When people talk about bamboo, they are likely to mention things like Japanese gardens, privacy hedges and giant grasses. But the term Fargesia doesn’t ordinarily come up right away in conversation. It’s the botanical name for a particular genus of bamboo, but it’s a good one to know about if you’re honing your expertise in bamboo. And it’s especially useful if you want to grow bamboo in a colder climate.
The genus Fargesia is one of about 100 genera in the bamboo subfamily, Bambusoideae. This genus belongs to the tribe of temperate, woody bamboos known as Arundinarieae, as distinguished from the other two tribes of tropical and herbaceous bamboos. Most varieties of Fargesia are native to China, and unlike the vast majority of temperate bamboos, Fargesias are non-invasive clumping species, rather than the more invasive running types. The genus Fargesia is of great importance to the Giant Pandas of central China, who eat nothing but bamboo. And it’s especially important to gardeners in cold climates who are looking for bamboos of the non-invasive variety.
This article is part of an ongoing series about different types and species of bamboo. To learn more about this fascinating and diverse collection of grasses, check out these other articles.
- Running bamboo
- Clumping bamboo
- Timber bamboo
- Native bamboos of North America: Arundinaria
- Herbaceous bamboo: Olyreae
The easiest and maybe the most practical way to categorize bamboo is to divide them into two groups, runners and clumpers. This is something of an oversimplification, but it’s a pretty good start. And it’s not all that different from the way that botanists classify bamboo.
In scientific terms, all bamboos belong to the grass family, Poaceae, and they have their own subfamily, Bambusoideae. Within this subfamily, botanists have created three different tribes. One tribe, Bambuseae, includes the tropical woody bamboos, the great majority of which have a clumping rhizome type. The temperate woody bamboos make up another tribe, Arundinarieae, which are primarily running varieties. And the third tribe is something of a botanical footnote, Olyreae, consisting of a few unusual, herbaceous (non-woody) bamboos, from the tropics and subtropics of South and Central America.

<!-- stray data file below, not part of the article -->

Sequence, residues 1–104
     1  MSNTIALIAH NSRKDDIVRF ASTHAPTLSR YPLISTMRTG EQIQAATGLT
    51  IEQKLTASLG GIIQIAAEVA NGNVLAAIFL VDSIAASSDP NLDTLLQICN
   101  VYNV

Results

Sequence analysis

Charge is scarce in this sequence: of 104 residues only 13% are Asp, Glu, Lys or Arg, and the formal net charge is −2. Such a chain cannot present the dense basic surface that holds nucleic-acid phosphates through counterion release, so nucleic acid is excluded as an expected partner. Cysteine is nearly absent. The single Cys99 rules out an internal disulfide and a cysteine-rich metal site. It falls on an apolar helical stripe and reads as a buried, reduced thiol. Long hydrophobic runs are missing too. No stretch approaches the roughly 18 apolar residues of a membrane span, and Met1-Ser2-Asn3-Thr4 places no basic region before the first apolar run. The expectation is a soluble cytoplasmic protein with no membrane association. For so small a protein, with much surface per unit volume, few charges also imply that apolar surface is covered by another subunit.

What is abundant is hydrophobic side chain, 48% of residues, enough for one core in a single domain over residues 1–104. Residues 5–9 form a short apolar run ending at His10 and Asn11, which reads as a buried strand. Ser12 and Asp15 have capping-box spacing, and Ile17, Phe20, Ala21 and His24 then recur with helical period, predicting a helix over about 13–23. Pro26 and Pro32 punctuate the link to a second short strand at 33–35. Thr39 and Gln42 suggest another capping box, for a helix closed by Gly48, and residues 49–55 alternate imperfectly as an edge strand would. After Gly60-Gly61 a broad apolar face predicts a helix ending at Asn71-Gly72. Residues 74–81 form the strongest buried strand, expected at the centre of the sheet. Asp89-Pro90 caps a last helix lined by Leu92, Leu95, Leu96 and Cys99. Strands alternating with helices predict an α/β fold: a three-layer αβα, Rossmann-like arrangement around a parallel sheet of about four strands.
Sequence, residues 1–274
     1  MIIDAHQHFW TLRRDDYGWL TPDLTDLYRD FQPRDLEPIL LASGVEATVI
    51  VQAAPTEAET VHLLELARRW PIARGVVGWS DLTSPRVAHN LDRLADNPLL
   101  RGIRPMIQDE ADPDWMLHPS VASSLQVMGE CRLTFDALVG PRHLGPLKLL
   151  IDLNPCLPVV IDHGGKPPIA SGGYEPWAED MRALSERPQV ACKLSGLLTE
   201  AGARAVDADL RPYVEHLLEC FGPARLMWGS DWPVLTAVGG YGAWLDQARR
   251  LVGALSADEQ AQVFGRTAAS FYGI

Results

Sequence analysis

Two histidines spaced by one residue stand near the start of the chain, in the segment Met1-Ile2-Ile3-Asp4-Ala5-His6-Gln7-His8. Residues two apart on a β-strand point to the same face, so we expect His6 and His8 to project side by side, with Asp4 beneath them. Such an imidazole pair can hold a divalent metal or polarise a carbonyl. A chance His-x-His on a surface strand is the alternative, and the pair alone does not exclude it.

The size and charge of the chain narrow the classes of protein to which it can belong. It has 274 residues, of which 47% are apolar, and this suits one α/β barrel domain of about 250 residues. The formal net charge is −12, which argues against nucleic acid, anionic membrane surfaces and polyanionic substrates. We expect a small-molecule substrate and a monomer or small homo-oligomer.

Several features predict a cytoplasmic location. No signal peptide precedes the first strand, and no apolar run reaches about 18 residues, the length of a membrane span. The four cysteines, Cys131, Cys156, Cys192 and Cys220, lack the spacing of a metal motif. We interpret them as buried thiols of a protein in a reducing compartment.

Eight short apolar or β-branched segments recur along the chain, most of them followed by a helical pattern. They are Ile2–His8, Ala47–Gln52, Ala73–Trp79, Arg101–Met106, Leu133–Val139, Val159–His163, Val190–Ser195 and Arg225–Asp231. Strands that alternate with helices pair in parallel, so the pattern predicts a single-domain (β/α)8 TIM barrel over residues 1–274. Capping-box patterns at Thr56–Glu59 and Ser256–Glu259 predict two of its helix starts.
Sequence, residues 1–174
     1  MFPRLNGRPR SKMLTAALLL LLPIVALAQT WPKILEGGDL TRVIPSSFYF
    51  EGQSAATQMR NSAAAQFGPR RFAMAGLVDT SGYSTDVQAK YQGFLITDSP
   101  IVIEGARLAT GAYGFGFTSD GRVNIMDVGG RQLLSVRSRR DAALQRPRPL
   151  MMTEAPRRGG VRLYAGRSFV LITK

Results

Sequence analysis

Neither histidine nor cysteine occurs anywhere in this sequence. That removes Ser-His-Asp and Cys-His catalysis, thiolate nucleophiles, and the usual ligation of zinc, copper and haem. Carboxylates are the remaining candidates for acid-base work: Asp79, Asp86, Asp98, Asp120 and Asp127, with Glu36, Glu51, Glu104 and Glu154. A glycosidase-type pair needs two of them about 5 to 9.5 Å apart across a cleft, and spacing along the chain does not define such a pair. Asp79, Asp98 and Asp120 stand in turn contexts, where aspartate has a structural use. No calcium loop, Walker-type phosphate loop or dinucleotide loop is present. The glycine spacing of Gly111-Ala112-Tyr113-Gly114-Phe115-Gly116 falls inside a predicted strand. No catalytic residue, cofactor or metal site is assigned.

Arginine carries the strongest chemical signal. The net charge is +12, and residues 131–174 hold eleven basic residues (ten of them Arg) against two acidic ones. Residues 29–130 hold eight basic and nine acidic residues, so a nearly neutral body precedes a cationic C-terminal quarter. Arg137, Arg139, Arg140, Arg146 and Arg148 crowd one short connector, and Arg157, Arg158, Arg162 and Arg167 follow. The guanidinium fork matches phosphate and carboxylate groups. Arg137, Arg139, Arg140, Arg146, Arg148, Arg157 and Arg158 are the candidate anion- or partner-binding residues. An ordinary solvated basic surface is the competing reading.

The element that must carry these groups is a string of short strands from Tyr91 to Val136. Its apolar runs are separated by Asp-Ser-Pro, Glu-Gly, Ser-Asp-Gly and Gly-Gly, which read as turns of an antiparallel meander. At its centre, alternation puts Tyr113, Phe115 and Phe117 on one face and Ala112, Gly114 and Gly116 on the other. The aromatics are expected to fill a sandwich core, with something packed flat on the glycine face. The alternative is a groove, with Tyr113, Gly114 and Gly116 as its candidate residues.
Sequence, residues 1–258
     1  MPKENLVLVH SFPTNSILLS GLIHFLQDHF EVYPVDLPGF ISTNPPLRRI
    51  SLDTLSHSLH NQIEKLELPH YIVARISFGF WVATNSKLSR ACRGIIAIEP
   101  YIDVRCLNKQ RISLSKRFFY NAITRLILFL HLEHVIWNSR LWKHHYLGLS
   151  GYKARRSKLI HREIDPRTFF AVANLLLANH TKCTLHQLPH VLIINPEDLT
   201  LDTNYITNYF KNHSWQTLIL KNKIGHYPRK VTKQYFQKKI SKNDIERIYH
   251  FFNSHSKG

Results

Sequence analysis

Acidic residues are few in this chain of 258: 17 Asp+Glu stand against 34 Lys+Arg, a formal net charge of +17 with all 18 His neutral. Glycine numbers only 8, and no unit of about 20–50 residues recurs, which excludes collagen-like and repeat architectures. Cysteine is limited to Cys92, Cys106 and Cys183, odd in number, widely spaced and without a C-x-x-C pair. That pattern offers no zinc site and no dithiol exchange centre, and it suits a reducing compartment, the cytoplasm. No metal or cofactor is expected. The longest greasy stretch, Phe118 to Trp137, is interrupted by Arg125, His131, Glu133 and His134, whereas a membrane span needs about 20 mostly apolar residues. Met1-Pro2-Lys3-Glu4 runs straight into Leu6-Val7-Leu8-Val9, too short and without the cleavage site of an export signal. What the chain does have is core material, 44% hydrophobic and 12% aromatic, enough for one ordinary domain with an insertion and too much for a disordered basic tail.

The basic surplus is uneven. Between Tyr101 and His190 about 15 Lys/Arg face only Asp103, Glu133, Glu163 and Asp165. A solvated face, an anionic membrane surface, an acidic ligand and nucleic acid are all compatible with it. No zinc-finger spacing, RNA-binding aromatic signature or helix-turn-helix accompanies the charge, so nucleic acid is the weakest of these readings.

The genus Fargesia is one of those anomalies of the plant kingdom that reminds us that all of our botanical classifications are just manmade conveniences. In reality, the natural world is not nearly so cut and dry. For that reason, you’ll find that botanists still argue about where to classify different kinds of bamboo, or whether a certain bamboo is a distinct species or simply a cultivar of another species.
A few other exceptions to the rule include the genera Borinda, Thamnocalamus and Himalayacalamus, cold-hardy clumpers from the Himalayan area. But not all botanists recognize Borinda and Thamnocalamus as distinct genera. Also, the genus Yushania is another outlier, sometimes considered a runner and sometimes a clumper.
Most specialists agree that Fargesia belongs to the Arundinarieae tribe of woody, temperate bamboos, and yet the Fargesias have a definitively clumping growth habit. This means that they have pachymorph or sympodial rhizomes, clustering closely together, and bending quickly upwards rather than extending outwards. And yet, unlike other clumpers, they can be cold hardy down to -10º or -20º F.
This makes Fargesia one of the only bamboo genera which are both clumping and temperate. The preponderance of clumping bamboos are subtropical, like Bambusa and Chusquea, or tropical, like Dendrocalamus and Guadua. The tropical bamboos are generally not cold hardy below about 30º F, making them difficult to grow anywhere in the contiguous U.S., except in parts of Florida and Southern California. Other clumpers are more subtropical and can be grown in more diverse climate zones, cold tolerant down to 10º or 20º F, depending on the species.
Some clumping varieties of bamboo actually spread faster than others. We refer to certain species as open clumpers, because they continue to spread, despite having pachymorph rhizomes. But Fargesias are not open clumpers. They spread slowly, and the mature plants typically reach a maximum diameter of about 15 or 20 feet.